Once the kneecap is back to its correct placement, your dog will walk normally again. Luxating patella is one of the most common causes when the dog is lame. The condition doesn't discriminate as both large and small breed dogs may be affected, however, medial patellar luxation (MPL) (the top of the kneecap, often referred to as a 'trick' knee) in smaller dogs is 12 times higher than larger bred dogs. Lateral patellar luxation (LPL) which affects the outside of the kneecap, occurs less frequently and affects larger and giant bred dogs versus the smaller breeds.
Another interesting note is that the female canine is more predisposed to develop luxating patella than males. When you recognize the consistency with your dog's inability to walk comfortably and seeming as though they have a sprained leg, the patella luxation you see is typically diagnosed early in their formative years as young adults, prior to being 3 years of age.
The Age and Breeds of Dogs that Luxating Patella Affects Most
The dogs most susceptible to patella luxation are the following:
- Miniature Poodle
- Boston Terrier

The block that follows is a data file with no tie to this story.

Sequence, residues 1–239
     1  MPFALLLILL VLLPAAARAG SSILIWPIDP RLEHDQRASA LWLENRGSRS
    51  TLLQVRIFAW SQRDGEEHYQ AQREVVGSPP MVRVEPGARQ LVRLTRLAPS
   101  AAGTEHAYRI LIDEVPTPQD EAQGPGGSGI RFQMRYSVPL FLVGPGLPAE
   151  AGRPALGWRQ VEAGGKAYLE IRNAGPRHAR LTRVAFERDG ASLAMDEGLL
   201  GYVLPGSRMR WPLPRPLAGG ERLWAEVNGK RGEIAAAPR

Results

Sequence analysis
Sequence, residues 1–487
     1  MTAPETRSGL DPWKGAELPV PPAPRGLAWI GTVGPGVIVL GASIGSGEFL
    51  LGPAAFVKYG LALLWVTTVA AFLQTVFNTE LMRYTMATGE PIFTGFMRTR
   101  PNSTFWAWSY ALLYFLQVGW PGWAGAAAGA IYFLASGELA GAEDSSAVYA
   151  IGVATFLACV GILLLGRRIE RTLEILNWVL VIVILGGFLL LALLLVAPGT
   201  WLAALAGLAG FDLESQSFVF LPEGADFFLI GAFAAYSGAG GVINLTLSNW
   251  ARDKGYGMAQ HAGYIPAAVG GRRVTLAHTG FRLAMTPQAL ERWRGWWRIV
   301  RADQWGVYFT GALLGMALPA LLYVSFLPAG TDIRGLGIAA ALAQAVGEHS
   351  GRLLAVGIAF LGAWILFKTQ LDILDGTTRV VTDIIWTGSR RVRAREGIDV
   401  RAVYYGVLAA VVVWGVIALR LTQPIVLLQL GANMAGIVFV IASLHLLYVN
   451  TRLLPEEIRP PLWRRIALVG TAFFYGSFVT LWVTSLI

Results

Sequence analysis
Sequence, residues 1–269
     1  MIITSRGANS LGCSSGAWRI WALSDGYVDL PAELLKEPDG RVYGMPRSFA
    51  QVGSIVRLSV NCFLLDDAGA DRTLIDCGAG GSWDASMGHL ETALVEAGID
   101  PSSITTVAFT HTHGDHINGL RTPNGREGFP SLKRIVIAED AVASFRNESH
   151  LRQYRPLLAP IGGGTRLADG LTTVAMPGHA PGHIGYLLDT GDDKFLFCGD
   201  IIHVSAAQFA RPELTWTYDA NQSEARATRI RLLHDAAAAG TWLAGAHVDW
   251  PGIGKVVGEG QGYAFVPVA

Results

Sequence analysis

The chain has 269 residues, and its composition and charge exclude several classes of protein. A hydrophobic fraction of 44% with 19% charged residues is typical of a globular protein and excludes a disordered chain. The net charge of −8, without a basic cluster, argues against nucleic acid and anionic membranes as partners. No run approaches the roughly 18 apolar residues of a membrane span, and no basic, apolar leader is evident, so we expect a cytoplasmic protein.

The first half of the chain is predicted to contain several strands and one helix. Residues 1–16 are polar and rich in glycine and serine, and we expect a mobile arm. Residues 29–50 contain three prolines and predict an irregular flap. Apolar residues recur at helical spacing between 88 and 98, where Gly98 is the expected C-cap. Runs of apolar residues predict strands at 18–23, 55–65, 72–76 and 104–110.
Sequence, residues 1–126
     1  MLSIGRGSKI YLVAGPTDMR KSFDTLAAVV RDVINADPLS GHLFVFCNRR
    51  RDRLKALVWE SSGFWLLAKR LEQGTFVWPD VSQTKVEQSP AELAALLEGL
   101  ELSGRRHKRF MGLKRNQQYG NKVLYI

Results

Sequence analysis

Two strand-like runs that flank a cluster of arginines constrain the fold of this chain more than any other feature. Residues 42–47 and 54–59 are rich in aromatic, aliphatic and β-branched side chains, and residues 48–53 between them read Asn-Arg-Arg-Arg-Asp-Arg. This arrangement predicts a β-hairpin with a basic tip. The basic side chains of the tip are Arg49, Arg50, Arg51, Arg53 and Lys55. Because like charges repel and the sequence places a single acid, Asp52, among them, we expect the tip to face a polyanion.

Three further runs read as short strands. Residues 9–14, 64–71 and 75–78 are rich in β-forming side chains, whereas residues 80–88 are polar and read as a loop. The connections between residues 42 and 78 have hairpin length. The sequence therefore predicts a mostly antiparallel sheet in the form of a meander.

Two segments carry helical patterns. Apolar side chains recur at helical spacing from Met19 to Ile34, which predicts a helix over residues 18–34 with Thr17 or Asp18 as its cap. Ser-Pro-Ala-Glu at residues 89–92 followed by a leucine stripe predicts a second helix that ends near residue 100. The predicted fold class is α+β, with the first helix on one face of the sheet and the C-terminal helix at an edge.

- Yorkshire Terrier
Any of the above toy breeds are typically born with this congenital condition. The larger breeds of Akita and Great Pyrenees can also be prone to luxating patella syndrome, yet the condition more commonly shows up in the smaller ones mentioned above. The soft tissue that supports the kneecap may be too tight on the inside of the patella and too loose on the outside, thus leading the kneecap to pull to the outskirts of your dog's leg.
To make matters worse, if the groove that the bone sits in is too shallow during standing and long walks with your pup, the tendon that attaches the kneecap to the shin bone may be too far to the inside, so it wants to pull the kneecap over. Often diagnosed more in puppies than adults, a luxating patella is determined during a physical exam when your veterinarian watches the canine's gait and bases the grade and severity of the problem at that point.
Can a Dog Live with Luxating Patella?
A luxating patella simply means that the kneecap is out of place. While it appears as though your dog tolerates the condition on its own, and you may notice a skip in their step on occasion as they're getting the kneecap back in place, it's as if your pup returns to normal walking like nothing ever happened. But living with a luxating patella long-term could be a different story.